Skip to main content

Natural Awakenings Sarasota / Manatee / Charlotte

Treatment for Shin Splints

by Eric Winder, D.C. 


Relief for shin splint pain is almost always possible, but some cases are easy, while others require professional help. This ailment of runners (and some walkers) might simply be rectified with a change of shoes or learning how to stretch properly. However, other cases can be stubborn, continuing to hurt months after ending the culprit activity. In this article, we will look at why the pain can persist and how it can be relieved. 

  Shin splints result in microtears or inflammation in certain lower leg muscles and along the bone where those muscles attach. The pain can continue for many hours after running or walking. This frequently causes pain when a person first starts to move in the morning, as their muscles have stiffened overnight.   

This common injury is caused by excessive force on both the lower leg muscles and their attachments.  Many people who have shin splints must stop running completely while healing which can take anywhere from several weeks to months without intervention. 

The cause of shin splints is often simple and can be easily fixed in many cases.  For instance, a runner might realize that she jumped too quickly into a strenuous running program on hard pavement. After taking two weeks off, buying shoes that are adequate for hard surface running and  following a more incremental training schedule, she will likely be able to run pain-free and never look back.   

Another runner might be advised that his shoes show a foot pronation wear pattern and then find that using shoe inserts or finding another shoe that corrects the pronation will end the pain. These above examples illustrate the three simplest causes of shin splints:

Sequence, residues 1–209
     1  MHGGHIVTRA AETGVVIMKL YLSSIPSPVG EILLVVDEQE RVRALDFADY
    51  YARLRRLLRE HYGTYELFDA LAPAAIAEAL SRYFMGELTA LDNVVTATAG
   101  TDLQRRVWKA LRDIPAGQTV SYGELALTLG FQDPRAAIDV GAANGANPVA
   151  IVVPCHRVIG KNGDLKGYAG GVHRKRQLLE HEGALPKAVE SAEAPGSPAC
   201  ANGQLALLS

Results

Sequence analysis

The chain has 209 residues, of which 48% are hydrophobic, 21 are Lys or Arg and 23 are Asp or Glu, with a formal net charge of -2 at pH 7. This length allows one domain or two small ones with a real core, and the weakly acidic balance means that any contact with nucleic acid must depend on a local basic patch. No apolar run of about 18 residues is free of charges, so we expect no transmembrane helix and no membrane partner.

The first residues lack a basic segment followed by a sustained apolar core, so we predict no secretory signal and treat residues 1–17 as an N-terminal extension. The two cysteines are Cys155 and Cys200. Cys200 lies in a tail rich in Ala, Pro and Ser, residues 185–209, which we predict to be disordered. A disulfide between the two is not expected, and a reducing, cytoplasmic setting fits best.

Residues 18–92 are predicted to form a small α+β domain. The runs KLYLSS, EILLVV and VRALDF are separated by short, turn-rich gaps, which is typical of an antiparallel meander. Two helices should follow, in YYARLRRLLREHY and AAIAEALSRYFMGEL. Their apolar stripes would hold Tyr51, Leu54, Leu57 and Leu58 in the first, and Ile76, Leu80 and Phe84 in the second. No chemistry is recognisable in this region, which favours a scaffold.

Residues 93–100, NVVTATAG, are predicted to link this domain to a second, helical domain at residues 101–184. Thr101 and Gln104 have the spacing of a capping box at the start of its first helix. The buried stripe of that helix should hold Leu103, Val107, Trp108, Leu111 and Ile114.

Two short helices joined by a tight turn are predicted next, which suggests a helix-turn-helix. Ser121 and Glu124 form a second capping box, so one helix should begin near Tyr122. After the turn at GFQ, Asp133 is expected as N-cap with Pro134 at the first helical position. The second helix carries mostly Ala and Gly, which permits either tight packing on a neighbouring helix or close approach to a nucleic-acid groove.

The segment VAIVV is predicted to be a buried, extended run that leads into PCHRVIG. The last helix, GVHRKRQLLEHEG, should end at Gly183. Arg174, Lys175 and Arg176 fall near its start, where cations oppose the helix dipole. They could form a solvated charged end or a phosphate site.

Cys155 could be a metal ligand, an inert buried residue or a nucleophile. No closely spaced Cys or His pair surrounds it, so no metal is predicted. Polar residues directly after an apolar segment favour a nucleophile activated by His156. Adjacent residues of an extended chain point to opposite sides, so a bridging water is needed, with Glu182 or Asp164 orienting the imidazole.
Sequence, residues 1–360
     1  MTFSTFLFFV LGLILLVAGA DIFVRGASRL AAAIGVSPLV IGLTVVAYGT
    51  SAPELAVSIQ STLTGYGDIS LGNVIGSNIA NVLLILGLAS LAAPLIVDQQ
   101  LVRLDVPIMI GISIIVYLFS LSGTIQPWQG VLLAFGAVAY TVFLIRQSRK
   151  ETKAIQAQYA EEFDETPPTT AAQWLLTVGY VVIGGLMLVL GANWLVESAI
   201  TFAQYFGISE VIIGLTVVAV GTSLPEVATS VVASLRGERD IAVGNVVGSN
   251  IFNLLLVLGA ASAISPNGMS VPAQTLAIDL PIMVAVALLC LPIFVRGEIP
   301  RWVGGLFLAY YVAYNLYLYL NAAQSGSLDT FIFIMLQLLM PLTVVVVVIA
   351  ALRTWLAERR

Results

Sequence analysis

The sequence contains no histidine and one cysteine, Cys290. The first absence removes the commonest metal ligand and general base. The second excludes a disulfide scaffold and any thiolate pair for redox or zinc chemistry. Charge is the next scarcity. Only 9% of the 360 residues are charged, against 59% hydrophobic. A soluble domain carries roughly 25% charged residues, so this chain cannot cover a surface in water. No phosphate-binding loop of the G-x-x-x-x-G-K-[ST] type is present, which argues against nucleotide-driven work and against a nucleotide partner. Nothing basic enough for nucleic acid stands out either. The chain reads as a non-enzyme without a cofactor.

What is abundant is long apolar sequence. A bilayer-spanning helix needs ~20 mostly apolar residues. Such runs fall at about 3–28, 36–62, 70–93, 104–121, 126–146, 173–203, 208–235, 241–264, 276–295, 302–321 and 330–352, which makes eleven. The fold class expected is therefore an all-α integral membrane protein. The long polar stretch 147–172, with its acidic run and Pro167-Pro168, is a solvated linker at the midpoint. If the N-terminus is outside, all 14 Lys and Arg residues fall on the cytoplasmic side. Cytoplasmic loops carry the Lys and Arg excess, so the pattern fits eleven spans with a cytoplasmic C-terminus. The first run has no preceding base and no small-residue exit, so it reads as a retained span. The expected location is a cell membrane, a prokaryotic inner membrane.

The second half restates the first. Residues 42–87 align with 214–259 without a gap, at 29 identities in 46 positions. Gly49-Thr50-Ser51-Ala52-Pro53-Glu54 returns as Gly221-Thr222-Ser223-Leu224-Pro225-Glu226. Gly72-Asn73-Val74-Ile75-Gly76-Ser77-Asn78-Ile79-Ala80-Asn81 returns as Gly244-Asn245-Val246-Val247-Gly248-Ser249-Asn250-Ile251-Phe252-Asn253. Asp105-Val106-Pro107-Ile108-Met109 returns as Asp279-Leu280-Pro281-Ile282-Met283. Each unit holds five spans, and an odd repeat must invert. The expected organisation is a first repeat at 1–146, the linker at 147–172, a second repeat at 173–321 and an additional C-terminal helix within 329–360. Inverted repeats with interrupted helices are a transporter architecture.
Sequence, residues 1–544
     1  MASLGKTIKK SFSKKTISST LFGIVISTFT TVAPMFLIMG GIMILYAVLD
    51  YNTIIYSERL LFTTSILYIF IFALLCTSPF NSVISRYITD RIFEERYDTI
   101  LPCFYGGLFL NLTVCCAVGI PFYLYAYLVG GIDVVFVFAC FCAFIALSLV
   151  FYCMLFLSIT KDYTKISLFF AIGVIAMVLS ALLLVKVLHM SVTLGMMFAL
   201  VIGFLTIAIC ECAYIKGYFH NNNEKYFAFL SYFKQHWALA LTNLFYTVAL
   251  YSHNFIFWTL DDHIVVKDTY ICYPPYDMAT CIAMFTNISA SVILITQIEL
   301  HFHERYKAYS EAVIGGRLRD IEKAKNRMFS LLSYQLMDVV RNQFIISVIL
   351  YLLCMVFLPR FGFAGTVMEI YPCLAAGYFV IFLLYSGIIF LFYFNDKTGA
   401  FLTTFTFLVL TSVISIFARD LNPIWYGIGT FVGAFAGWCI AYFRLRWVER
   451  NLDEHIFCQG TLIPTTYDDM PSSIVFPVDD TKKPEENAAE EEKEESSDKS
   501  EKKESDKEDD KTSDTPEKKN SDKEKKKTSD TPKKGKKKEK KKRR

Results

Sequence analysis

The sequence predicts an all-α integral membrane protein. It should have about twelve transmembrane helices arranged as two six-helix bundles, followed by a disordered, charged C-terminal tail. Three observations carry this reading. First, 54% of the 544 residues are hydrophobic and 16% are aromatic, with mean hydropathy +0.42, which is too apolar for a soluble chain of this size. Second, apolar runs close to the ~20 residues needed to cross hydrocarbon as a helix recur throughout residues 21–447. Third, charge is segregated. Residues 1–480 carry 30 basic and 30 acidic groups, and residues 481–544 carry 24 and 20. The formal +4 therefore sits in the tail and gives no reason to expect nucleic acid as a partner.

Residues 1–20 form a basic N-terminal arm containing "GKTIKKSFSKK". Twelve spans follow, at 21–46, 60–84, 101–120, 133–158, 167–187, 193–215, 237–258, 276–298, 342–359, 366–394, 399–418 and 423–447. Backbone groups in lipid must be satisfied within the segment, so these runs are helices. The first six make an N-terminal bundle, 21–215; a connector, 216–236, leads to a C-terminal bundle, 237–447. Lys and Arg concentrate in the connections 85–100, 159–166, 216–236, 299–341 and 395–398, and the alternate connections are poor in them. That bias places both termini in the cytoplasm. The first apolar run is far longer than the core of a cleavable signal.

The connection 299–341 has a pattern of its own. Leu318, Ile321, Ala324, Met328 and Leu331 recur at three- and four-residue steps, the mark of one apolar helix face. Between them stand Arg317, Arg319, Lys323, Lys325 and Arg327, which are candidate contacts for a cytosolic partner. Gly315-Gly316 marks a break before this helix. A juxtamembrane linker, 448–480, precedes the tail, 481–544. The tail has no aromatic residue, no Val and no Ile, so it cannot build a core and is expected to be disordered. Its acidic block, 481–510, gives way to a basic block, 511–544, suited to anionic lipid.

• Doing too much activity, too soon 

  • Running or walking extensively on hard surfaces with inadequate shoes 

  • Pronation, or collapsing of the ankle and foot arch 


However, most patients of the patients I see have already tried correcting the above problems.  They improved their shoes, altered the pace of their training, taken breaks if needed, and begun to stretch in addition to their running or walking routine—but they still have pain.  In these cases, we need to look at other problems that cause excess strain of the leg muscles.   

For these people, I find there is generally some kind of imbalance in the muscles of their lower back, hips or thighs. These, in turn, cause a loss of perfect control of their joint alignment and stability while they are in motion which their leg muscles try to compensate for. This overstresses the leg muscles and results in painful shin splints. Let’s examine two cases that further illustrate this problem. 

A patient, whom I will refer to as Tammy, had been a long-distance runner in high school, but experienced shin splint problems when she tried to resume running in her 30s. She thought that the pain would resolve once her body acclimated to the running, but instead, it continued to worsen.